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Giuseppe VERDI (1813-1901)
Il Trovatore (1853) [138:14]
Ballet Music from Le Trouvère (1857) [25:57]
Leonora – Joan Sutherland (soprano)
Manrico – Luciano Pavarotti (tenor)
Azucena – Marilyn Horne (mezzo)
Il Conte di Luna – Ingvar Wixell (baritone)
Ferrando – Nicolai Ghiaurov (bass)
Ruiz – Graham Clark (tenor)
Ines – Norma Burrowes (soprano)
An old gipsy – Peter Knapp (baritone)
A messenger – Wynford Evans (tenor)
London Opera Chorus
National Philharmonic Orchestra/Richard Bonynge
rec: Kingsway Hall, London, 1976: ADD
DECCA 475 8281 [3 CDs: 73:03 + 65:11 + 25:57]

 


I never heard this recording when it was new and have somehow managed to miss it until now. What I do recall is the drubbing that it came in for, with Sutherland’s suitability for Verdi being questioned. With the elapse of time we can, perhaps take a more balance view. Though I should first quote from the Gramophone review; in 1987 their reviewer said “Sutherland’s arrival raises doubts for even by this date her tone had loosened so that the firmness of one note did not guarantee the next. Each E flat in “Tacea la notte” needs a twist of the screwdriver to tighten it up and, though the trills and scales in “Di tale amor” are beyond reproach, the tone quality itself lacks sparkle”. Well that is one point of view.

For a slightly different take on the matter, we should consider the background of three of the main singers, Joan Sutherland, Luciano Pavarotti and Marilyn Horne. Though all three of them had quite a wide repertoire, their speciality tended towards early 19th century Italian opera. In fact, in many ways Sutherland, Pavarotti and Horne were amongst the shock troops of the Rossini/Bellini/Donizetti revival, not exactly the singers you might expect for such a dark Verdi opera.

A recent article in Opera magazine discussed Verdi’s Il Trovatore in terms of bel canto technique. In other words seeing Verdi’s opera in the context of the prevailing performance styles of the day rather than considering it in terms of the way it prefigures later operas. We tend to look at works from our own standpoint, seeing the music through the work’s later history and influence. But of course, it is perfectly valid to try and consider a piece of music on its own terms only. After all the first Leonora, Rosina Penco, was a lyric coloratura who specialised in the music of Rossini, Bellini and Donizetti and was renowned for her trill.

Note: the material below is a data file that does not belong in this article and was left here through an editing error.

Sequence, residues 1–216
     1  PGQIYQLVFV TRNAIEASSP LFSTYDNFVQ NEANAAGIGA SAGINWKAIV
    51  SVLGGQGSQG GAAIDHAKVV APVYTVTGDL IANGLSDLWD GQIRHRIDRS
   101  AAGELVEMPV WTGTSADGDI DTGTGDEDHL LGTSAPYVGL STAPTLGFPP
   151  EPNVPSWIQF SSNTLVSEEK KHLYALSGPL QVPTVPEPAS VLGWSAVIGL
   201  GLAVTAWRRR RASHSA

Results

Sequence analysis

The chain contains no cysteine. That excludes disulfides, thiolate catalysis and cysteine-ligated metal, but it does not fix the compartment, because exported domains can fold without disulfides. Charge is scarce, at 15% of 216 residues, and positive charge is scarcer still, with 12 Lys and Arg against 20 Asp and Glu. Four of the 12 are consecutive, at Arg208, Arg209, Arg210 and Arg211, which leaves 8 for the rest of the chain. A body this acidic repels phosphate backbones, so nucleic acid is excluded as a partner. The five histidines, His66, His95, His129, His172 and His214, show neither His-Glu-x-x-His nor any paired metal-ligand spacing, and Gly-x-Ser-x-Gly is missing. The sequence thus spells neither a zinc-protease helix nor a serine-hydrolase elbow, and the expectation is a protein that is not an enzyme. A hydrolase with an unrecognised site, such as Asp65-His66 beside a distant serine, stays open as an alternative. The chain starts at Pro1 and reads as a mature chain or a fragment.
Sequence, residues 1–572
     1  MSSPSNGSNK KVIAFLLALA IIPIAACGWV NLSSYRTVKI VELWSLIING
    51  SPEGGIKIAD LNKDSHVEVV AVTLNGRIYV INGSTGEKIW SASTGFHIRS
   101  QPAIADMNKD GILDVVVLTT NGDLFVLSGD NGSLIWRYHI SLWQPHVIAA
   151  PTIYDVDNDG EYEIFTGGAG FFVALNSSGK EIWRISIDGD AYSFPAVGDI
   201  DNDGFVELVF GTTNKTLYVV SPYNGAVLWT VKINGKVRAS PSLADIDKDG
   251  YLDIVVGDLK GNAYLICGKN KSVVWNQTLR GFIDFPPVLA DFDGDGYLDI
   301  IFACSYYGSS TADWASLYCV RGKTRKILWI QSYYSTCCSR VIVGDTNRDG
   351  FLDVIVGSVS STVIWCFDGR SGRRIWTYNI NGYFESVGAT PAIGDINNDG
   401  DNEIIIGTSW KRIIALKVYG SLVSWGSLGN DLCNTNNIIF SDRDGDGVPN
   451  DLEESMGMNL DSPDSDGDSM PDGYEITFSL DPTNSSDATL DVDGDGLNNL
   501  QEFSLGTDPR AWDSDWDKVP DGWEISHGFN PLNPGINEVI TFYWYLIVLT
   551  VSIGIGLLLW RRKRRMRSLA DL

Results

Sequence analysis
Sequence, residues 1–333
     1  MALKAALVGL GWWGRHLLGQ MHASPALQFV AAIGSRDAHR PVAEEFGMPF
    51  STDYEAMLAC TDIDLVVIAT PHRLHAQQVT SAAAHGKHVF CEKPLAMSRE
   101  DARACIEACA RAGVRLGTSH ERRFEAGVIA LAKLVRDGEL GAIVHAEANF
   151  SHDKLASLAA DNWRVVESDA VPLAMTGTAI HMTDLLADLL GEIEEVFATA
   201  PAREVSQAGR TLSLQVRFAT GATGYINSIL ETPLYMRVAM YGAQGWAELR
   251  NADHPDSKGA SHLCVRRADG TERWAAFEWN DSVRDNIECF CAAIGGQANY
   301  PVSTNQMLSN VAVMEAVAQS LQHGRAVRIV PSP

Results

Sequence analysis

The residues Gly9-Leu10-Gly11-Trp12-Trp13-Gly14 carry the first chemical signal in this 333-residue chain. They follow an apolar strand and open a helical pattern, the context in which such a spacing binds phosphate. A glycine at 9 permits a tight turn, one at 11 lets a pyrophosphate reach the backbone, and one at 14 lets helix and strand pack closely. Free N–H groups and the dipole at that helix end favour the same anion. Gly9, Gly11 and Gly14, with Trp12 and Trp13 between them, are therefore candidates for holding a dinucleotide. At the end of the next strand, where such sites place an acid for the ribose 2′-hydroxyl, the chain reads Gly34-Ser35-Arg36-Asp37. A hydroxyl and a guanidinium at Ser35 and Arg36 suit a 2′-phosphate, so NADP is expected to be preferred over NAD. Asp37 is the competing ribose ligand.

So, when you listen to Sutherland singing in the opening scene of part 4 do you hear a soprano who lacks firmness, as compared to say Rosalind Plowright or Leontyne Price? Or, like me, do you hear a soprano who sings with remarkable flexibility and shapeliness. Sutherland’s concern is less with the firm line than with the shaping of the notes and their relationship to each other. A key to this is her attitude to the ornamentation, which is far less than incidental in contrast to some of the more dramatic sopranos who have sung the role. For better or worse, Sutherland shapes and caresses the vocal line as if it were Bellini or Donizetti.

That said, this is not the Sutherland of 10 or 15 years previously, but her performance is still stupendous, if you can accept the parameters within which she operates.

About Marilyn Horne there are far fewer concerns about the quality of her vocal production. She combines admirable firmness with flexibility and shape. Hers must be one of the most beautifully sung Azucenas on disc. After all, Horne sang few of the Verdi dramatic mezzo roles and this shows in her vocal flexibility. She is dramatically vivid but seems never quite to find the darkness in the role that other singers have.

Surprisingly, Pavarotti seems to be the weakest of the three. Though having all the notes, in spades, he seems to be content to coast along singing everything rather too loud. In the first part we get none of the poetry which is supposed to have entranced Leonora. “Di quella pira” has, of course, the requisite top Cs but they are held on to and strung out in a manner which can only be described as ham.

Ingvar Wixell makes a notable villain, firm of voice and dramatic of utterance, and Nicolai Ghiaurov makes a wonderfully promising start to the opera.

So does it all work? Well, up to a point. But for me the set has one main weakness, the conducting of Richard Bonynge. He never does anything strictly wrong, but seems rather too content to let things jog along, happily using rubato to allow us to admire incidental felicities. But he never quite imbues the opera with dramatic impetus, nor does he particularly illuminate Verdi’s score. The dark places are not very dark and the tender places are just not very tender, Bonynge seems to have been content to allow singers and instrumentalists to coast.

Of course, this might be me hoisting myself with my own petard and viewing Bonynge’s conducting through the refracting glass of later centuries. But as a dramatic entity, this performance just does not quite work for me despite many beauties.

As a bonus, the set now includes Bonynge’s recording of the ballet music Verdi wrote for the Paris performances of the opera. This must have significantly affected the dramatic structure of the piece. As recorded here, Il Trovatore takes 138 minute and the ballet music takes some 25 minutes, which would be a significant proportion of the total running time. As a curiosity this is a fine performance, but ballet music was not Verdi’s strong point and this is not one of his strongest ballets.

There are many incidental beauties in this performance, but your attitude to the set will vary depending on how much you like Sutherland’s distinctive technique and Bonynge’s rather limp conducting.

Robert Hugill

 

 

 


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